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 Turkey seeks Iraqi Kurdistan's help against PKK rebels

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Turkey seeks Iraqi Kurdistan's help against PKK rebels  4.11.2011  
By staff writers

November 4, 2011

ISTANBUL, Turkey,— Turkish leaders on Friday pressed the president of Iraq's Kurdish enclave to crack down on the Kurdish rebels launching cross-border attacks from their Iraqi mountain sanctuaries.

Turkish President Abdullah Gul met Massoud Barzani, the president of the autonomous Kurdistan region in Iraq's north, in Istanbul. Foreign Minister Ahmet Davutoglu already urged Barzani late Thursday to assist Turkey's fight against the guerrillas.

It was the first direct talks in 1 1/2 years between Turkish leaders and Barzani, which followed last month's Turkish military incursion into Iraqi Kurdistan region in response to the Oct. 19 killing of 24 Turkish soldiers by PKK rebels.       

Turkey's Foreign Minister Ahmet Davutoglu (R) speaks to media after his meeting with Iraqi Kurdistan Regional President Massoud Barzani in Istanbul November 3, 2011. Photo: Reuters
Turkish foreign minister Ahmet Davutoglu expected that Iraqi Kurdistan will support Turkey in chasing banned PKK elements, following his meeting with Kurdish leader Massoud Barzani.

He described the meeting as "fruitful", as reported by Turkish Anatolia news agency.

"Our relations with the Iraqi Kurds had been developed lately", Davutoglu added.

He pointed out that "the practices of PKK party affected the Turkish and Kurdish peoples, not only in Turkey, but our brothers north Iraq".

Barzani expressed readiness to exert all possible efforts to enhance security relations with Turkey, pointing the importance of having good relations with it.

Barzani said the Kurdistan Region is prepared to fully cooperate and support any peaceful means to end the conflict in the southeast and bring peace and stability. However, he reiterated that the Kurdistan Region would not be party to any plans that involve violence and conflict.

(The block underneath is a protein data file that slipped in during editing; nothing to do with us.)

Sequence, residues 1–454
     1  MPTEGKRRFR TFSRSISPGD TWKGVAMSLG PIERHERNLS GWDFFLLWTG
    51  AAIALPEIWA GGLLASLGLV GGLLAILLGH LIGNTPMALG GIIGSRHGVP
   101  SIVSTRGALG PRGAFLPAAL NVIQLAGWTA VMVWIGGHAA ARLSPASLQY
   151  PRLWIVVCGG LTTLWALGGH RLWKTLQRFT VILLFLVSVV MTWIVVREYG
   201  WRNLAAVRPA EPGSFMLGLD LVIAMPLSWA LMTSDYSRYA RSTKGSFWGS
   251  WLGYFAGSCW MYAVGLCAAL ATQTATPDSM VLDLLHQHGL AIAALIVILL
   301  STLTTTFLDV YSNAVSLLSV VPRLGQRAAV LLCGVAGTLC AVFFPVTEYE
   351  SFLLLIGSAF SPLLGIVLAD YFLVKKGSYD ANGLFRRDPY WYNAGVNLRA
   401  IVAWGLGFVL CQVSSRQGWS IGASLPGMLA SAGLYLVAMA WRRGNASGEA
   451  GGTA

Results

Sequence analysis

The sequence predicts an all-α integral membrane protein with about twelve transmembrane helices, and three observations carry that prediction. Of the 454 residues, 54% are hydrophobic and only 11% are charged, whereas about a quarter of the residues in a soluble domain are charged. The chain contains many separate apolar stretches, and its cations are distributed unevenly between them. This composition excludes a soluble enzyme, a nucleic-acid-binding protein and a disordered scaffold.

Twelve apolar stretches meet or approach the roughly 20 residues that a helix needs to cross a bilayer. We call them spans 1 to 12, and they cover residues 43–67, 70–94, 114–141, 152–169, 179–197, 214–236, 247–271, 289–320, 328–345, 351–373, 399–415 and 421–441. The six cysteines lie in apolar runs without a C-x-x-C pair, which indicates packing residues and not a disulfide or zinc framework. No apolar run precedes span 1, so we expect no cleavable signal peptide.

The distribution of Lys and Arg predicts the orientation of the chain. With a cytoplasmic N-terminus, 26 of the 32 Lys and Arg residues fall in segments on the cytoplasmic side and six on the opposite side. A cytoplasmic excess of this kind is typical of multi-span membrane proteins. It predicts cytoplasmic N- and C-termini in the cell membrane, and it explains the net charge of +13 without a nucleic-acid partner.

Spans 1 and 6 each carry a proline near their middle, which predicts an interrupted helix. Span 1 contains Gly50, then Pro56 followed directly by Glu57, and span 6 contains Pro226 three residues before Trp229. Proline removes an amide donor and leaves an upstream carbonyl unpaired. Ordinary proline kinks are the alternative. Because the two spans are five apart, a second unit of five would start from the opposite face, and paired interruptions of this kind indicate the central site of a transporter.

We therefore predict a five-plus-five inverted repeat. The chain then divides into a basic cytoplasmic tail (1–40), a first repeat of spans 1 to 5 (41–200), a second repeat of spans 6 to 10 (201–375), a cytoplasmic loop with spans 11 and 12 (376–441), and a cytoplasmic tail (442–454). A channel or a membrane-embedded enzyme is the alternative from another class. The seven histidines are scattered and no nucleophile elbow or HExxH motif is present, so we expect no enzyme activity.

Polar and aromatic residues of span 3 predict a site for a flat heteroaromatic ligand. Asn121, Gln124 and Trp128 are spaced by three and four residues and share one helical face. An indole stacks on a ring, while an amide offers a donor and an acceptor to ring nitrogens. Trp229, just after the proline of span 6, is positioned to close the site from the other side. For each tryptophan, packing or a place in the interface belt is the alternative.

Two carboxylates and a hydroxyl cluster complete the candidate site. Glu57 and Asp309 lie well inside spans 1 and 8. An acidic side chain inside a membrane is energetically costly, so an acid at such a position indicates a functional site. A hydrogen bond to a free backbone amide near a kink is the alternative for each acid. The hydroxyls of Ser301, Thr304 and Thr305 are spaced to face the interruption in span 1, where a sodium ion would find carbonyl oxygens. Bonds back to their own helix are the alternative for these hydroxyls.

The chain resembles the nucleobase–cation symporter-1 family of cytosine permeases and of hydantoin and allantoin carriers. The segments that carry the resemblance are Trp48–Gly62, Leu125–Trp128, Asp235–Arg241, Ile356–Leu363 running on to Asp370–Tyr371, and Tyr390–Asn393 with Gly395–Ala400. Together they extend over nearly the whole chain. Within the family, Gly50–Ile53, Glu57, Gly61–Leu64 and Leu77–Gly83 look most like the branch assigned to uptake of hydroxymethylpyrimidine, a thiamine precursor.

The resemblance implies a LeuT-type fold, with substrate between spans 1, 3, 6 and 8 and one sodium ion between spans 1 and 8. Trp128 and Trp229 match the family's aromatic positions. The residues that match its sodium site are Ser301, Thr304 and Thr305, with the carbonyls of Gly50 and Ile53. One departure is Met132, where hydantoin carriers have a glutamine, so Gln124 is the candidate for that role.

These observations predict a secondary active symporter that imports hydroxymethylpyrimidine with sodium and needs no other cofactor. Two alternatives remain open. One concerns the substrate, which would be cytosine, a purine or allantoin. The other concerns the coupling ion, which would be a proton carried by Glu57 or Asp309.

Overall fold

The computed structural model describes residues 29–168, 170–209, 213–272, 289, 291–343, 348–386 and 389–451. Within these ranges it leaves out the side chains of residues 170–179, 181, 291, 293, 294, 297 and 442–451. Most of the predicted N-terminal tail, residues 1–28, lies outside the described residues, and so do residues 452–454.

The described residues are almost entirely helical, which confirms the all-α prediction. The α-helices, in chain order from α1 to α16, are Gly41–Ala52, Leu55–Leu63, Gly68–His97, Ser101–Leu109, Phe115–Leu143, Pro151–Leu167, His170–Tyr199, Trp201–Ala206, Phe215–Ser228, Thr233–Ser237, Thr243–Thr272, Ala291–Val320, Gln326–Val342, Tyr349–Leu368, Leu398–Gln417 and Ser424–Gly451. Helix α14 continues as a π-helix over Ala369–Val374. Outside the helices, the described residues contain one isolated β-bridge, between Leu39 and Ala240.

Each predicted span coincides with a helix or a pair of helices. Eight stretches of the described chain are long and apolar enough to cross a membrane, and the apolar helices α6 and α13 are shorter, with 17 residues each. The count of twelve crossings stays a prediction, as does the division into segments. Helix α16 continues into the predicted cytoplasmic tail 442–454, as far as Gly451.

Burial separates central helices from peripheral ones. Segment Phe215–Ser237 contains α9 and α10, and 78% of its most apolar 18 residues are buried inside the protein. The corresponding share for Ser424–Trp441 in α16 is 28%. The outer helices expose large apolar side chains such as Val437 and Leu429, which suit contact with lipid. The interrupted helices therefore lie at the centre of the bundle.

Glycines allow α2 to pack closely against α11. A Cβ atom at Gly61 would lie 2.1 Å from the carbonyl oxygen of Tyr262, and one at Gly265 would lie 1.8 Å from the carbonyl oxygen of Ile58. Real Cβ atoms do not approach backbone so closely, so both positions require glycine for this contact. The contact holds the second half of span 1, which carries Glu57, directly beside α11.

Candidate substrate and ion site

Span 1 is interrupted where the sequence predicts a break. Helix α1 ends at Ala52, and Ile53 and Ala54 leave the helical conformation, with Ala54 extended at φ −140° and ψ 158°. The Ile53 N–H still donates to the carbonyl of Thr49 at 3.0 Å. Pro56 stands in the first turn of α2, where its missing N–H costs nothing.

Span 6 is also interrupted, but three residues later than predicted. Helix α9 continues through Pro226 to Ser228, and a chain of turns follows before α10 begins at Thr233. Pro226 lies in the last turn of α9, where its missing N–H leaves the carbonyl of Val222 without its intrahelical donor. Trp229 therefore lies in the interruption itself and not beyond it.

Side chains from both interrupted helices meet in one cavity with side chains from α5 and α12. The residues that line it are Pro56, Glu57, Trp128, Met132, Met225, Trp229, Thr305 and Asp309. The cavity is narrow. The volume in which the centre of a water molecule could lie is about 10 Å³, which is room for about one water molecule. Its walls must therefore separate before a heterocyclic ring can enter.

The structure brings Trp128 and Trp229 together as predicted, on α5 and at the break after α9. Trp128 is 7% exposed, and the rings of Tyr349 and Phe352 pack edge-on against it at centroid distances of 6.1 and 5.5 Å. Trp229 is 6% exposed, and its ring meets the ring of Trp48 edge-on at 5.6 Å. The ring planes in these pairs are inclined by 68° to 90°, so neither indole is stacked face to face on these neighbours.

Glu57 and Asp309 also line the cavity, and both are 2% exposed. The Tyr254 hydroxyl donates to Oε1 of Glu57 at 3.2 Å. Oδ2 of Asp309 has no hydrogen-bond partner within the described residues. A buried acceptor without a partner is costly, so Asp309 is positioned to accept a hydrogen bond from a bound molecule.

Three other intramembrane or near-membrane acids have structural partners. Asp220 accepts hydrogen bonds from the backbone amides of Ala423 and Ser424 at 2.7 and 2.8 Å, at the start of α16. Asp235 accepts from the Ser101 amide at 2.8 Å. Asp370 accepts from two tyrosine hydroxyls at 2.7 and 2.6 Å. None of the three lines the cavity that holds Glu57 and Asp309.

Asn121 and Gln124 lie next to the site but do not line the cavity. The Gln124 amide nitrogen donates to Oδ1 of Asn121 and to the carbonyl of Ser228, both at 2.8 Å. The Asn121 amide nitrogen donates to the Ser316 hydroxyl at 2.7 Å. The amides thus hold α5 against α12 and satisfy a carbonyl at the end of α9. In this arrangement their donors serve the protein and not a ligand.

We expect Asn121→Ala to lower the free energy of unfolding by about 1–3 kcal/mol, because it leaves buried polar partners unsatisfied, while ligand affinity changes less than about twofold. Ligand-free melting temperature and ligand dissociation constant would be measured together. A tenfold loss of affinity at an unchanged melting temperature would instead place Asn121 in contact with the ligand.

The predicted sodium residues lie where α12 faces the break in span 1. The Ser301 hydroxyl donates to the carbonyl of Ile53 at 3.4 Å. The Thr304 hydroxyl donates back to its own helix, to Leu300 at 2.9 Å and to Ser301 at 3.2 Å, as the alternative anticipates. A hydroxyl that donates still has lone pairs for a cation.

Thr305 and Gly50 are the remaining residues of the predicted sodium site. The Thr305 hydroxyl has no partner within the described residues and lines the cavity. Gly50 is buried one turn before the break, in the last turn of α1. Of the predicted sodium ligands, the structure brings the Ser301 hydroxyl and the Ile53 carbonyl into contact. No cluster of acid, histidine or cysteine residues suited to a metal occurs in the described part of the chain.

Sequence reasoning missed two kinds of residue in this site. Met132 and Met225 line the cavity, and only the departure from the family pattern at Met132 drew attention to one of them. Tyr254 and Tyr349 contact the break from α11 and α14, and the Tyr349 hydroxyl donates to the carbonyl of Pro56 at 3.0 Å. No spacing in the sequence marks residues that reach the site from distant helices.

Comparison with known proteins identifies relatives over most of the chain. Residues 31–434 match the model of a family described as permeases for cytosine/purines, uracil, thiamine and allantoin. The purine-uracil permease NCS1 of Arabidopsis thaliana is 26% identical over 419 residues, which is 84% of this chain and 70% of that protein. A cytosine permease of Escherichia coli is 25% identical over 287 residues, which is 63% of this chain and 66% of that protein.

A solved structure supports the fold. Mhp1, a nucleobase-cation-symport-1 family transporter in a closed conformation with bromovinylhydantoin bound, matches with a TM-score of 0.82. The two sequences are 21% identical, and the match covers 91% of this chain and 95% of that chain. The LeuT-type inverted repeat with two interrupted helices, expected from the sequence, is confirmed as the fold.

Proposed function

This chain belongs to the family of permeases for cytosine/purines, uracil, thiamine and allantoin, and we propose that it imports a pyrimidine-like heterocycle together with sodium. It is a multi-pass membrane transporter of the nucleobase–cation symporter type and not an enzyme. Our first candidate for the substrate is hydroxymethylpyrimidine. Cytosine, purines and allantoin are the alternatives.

Turkey has long been urging the Iraqi Kurdistan government to cut supply lines in its territory used by the guerrillas of the Kurdistan Workers' Party, or PKK, and to arrest and hand over its leaders who live across the border in Iraq.

Turkish pressure has increased since PKK rebels intensified their attacks this summer. Iraqi Kurdish authorities have condemned the Oct. 19 attack but Turkish officials are demanding more.

Iraqi Kurds, which have their own police and armed force, are largely responsible for security in the northern areas of the country where the PKK operates rather than U.S. or Iraqi government troops.

Barzani's Kurdish forces, known as Peshmergas, had fought against the PKK alongside Turkish troops during incursions in 1990s.

Barzani and other Iraqi Kurdish officials also met regularly with Turkish officials during former Iraqi leader Saddam Hussein's regime. But relations cooled following the 2003 U.S.-led invasion as Kurdish national aspirations skyrocketed.

Turkey's government is again trying to win support of Iraqi Kurds as it is engaged in talks with the United States for possible deployment of Predator drones on Turkish soil after U.S. forces leave Iraq. The U.S. shares drone surveillance data with Turkey to aid its fight against the Kurdish rebels.

Since it was established in 1984, the PKK has been fighting the Turkish state, which still denies the constitutional existence of Kurds, to establish a Kurdish state in the south east of the country, sparking a conflict that has claimed some 45,000 lives.

But now its aim is the creation an autonomous Kurdish region and more cultural rights for ethnic Kurds who constitute the greatest minority in Turkey, numbering more than 20 million. A large Turkey's Kurdish community openly sympathise with the Kurdish PKK rebels.

PKK's demands included releasing PKK detainees, lifting the ban on education in Kurdish, paving the way for an autonomous democrat Kurdish system within Turkey, reducing pressure on the detained PKK leader Abdullah Öcalan, stopping military action against the Kurdish party and recomposing the Turkish constitution.

Turkey refuses to recognize its Kurdish population as a distinct minority. It has allowed some cultural rights such as limited broadcasts in the Kurdish language and private Kurdish language courses with the prodding of the European Union, but Kurdish politicians say the measures fall short of their expectations.

The PKK is considered as 'terrorist' organization by Ankara, U.S., the PKK continues to be on the blacklist list in EU despite court ruling which overturned a decision to place the Kurdish rebel group PKK and its political wing on the European Union's terror list. 

Sources: AP | AFP | | Agencies
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